Again, my mind is wandering. I can’t go more than a month after I travel without getting the serious itch to leave. In this world, it is pretty easy to nosedive into the sprawling internet to see places far and wide. But nothing comes close to actually going.
Have you ever traveled only to learn that nearly every “tip” you got before-hand was either off base or flat-out wrong? I know I have. Here is a checklist of questions to ask yourself when you are trying to figure out where to go, and when.
1. Currency and exchange rate: This is usually where I start. I love to see places where I am not too limited by my budget. When given the choice I tend to lean toward Albania in lieu of Italy. They share the same beautiful Riviera, climate, and distance from home. BUT Albania uses the Lek versus the Euro in Italy. What does this mean? Check out the differences between average costs in each respective country.
2. Safety and Security: This decision definitely comes down to personal opinion. It is difficult to be objective about how much “safety” is enough or not. I consider different questions now that I have a child, for instance, than I did when I traveled alone. A good place to start, though, is with the US State Department (if you are US-based, or your country’s diplomatic resource) to see if there is anything for you to worry about. (Consider also checking other nation’s websites to satisfy curiosities).
When I went to Thailand a few years ago, there had just been a military coup a couple of days prior. The country was dealing with the aftermath. The US Government advised
against travel, but all other allied nations ( England, Australia, Germany) did not advise against travel. Ultimately we were glad to have gone when we did, though Thailand was under a curfew. It was exciting and “safe enough” for us.
To check the US government site, go here.
The information is always current and under the Safety and Security tab, you will see all pertinent incidents. Here is an example of Thailand’s today.
3. Documents: Are you able to travel there at all? Make sure you have your passport and visa in order. Check out if there are travel restrictions of any kind. Make sure you understand how many days you are able to visit before you need a visa. Some countries don’t allow you to get a visa while you are already there. Make sure you get all of this in order first.
4. Health/vaccines: Make sure that you understand what vaccines you might need besides the routine ones. If yellow fever is present, or malaria, you might want to be prepared. If you have an allergy to bees, make sure you have your medication with you when you travel, as you cannot expect to be given this medication in every country globally.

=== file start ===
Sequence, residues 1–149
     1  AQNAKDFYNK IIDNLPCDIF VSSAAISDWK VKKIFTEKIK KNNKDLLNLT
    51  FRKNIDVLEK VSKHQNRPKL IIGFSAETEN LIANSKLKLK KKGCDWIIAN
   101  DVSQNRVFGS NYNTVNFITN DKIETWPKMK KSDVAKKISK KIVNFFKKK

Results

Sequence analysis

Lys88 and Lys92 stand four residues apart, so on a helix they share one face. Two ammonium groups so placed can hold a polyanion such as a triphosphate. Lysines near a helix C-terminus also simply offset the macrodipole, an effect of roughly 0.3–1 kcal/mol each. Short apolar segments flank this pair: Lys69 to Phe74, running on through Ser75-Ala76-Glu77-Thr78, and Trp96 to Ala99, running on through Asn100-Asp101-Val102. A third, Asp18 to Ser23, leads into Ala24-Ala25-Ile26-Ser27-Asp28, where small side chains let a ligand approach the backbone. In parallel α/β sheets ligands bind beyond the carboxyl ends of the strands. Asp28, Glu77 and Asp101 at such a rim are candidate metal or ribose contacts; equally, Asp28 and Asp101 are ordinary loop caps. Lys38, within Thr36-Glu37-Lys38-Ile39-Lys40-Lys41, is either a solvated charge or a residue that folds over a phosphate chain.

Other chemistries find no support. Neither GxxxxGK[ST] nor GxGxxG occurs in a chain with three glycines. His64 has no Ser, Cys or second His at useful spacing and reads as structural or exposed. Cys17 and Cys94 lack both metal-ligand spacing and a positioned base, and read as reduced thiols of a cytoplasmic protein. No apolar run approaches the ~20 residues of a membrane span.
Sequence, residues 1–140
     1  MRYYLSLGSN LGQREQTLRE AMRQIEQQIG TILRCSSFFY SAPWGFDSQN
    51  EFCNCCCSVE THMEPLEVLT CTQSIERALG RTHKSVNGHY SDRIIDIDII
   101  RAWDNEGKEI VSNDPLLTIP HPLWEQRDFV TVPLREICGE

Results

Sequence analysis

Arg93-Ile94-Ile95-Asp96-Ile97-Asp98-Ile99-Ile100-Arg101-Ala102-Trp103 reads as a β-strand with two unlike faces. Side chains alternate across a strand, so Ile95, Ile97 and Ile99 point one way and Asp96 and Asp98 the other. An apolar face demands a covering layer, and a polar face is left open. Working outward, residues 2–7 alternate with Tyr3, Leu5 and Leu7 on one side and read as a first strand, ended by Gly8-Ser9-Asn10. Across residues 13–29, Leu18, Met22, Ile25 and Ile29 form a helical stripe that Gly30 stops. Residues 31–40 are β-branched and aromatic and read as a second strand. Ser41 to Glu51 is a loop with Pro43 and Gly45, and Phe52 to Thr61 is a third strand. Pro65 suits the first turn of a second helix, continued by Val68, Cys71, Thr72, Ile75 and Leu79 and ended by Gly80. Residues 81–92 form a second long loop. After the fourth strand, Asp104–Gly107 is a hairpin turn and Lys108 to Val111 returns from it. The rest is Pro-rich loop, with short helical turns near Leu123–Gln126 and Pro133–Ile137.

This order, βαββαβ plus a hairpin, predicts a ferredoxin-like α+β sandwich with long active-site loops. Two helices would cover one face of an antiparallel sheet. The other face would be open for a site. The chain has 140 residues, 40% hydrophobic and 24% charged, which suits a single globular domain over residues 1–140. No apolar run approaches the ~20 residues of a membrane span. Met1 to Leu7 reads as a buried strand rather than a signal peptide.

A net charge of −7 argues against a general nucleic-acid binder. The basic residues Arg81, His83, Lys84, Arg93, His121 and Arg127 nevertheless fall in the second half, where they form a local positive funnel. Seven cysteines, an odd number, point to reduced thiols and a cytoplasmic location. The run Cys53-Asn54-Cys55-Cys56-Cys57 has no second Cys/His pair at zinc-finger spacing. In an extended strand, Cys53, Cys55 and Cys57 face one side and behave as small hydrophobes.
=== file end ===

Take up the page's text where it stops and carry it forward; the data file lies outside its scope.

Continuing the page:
Food is an important custom. Be aware that water and food born illnesses can ruin a trip. Make sure you are taking precautions. Recently, Jay and I went to Uruguay with our little one. We wanted to go far, we wanted to avoid changing too many time-zones, and we wanted clean water so that our daughter could drink (in the case she went on a strike against breastfeeding). Research showed that Uruguay was one of the few countries that fit the bill at the time. You can search the US website for this, again. Or you can look on the Lonely Planet site or Wikipedia. The information is vast and very important.
5. Best time to visit/ worst time to visit: I have found that Pinterest is a really cool resource for this info. There are infographics for nearly every country and a list of “need to know info.” The “time to year to visit” is usually want I look for. Here are some examples.
You can also use these graphics to understand customary basics in the prospective countries. Answers to questions like What do tip and to whom? What are a few basic phrases? Wow do I greet a stranger? and What actions should avoid in polite company are all here.
Once you have these answers down, it’s easy. This world is full of beautiful destinations, accommodations, and people! I Hope this helps, and let me know how you decide where to go and when!